380 pages
Hardcover, Dec. 2004
ISBN 0-312-86421-3
MSRP: $25.95

Sounds like a winner, and contender for Best New Heinlein, in the same respectful way that Mary Turzillo's recent serial in Analog has all the strengths of a Podkayne of Mars told from the teenaged girl's perspective.

Also, I agree with Patrick that Jim Baen is way ahead of the curve on internet marketing, and has been for years. Finally, there are quite a number of Active SFWA members who are also "downloadin' dudes of Slashdot World."

Jon H ::: (view all by) ::: February 16, 2005, 07:01 PM:

While you're in Chicago, you might want to check out the Body Worlds exhibit of plastinated & posed cadavers. I believe it's at the Museum of Science & Industry until September.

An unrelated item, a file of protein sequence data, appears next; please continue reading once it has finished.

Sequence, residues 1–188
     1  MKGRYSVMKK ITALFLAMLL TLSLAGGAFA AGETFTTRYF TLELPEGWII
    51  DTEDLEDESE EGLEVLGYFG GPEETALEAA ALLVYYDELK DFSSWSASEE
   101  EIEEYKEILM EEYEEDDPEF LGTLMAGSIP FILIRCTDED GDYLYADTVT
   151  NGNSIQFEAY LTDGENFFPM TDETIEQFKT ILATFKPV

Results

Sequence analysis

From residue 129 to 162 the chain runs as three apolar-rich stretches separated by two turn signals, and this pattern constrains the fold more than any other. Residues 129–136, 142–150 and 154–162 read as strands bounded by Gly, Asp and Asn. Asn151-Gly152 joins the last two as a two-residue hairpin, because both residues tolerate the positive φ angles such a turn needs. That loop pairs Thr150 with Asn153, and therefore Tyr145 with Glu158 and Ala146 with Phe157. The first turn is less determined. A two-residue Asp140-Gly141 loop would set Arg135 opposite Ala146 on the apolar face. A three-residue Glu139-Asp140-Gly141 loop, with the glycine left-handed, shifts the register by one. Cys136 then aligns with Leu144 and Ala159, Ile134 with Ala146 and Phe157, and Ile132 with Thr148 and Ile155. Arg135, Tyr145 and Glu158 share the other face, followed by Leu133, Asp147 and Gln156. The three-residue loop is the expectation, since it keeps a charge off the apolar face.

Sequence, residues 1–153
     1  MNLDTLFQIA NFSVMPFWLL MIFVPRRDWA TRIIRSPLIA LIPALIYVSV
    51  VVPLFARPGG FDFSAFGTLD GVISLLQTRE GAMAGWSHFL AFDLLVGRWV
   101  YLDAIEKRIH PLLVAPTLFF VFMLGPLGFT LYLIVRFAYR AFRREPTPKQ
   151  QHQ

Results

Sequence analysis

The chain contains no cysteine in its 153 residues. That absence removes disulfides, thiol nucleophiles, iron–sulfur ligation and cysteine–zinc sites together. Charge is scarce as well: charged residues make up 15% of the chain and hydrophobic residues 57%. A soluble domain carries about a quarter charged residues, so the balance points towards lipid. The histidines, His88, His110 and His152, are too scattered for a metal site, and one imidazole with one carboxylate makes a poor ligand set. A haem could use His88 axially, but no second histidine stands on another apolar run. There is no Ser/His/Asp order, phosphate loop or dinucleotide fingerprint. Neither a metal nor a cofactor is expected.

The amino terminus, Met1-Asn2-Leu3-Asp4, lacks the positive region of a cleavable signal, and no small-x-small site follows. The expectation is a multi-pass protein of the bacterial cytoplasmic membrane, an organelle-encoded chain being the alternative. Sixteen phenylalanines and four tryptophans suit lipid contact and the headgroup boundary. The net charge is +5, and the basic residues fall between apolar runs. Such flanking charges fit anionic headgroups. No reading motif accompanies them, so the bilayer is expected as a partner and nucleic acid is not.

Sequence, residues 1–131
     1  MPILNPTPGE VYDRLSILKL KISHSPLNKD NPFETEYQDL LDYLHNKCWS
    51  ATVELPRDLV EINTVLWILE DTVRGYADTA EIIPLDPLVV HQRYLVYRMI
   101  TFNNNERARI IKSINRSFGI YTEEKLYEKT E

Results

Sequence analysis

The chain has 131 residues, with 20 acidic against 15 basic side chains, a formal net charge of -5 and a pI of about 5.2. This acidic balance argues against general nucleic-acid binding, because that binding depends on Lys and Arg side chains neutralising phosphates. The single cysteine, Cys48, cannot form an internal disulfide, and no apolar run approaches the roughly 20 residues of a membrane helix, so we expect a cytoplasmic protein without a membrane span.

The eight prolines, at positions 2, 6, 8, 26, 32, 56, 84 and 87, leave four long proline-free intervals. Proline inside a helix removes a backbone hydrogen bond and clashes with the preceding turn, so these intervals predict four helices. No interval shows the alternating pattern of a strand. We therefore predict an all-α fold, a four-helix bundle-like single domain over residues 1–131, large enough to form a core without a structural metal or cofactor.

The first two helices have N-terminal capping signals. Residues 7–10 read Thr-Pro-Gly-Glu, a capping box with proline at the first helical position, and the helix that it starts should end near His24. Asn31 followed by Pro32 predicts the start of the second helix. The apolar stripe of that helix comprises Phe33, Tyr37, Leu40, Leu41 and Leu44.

Mary Dell ::: (view all by) ::: February 16, 2005, 07:16 PM:

Here's the link for the corpse-fest at the Museum of Science and Industry. My husband keeps trying to get me to go, but his pleas of "Honey! now they have a Stukka, a terrifying coal mine elevator, AND way more corpses than usual!" have somehow failed to move me. I like my corpses properly organ-free and wrapped in linen, the way they keep them over at the Field Museum.

People who aren't squeamish, however, love the slices-of-some-dude exhibit that's been there for years, and this is supposed to be magnitudes cooler. So yes, do consider finding time for it if you can.

Marilee ::: (view all by) ::: February 16, 2005, 09:21 PM:

Patrick, are you going to buy the sequel to Reflex? I want to know what jumping does to fetuses.

John M. Ford ::: (view all by) ::: February 17, 2005, 01:22 AM:

Actually, the slices are of a dudess. About a centimeter thick, and not-too-garishly stained for anatomical convenience.

The last time I saw them, they had been semi-hidden in a stairwell, but that was very long ago. It is unfortunate that Chicago cons are usually a long haul from Hyde Park.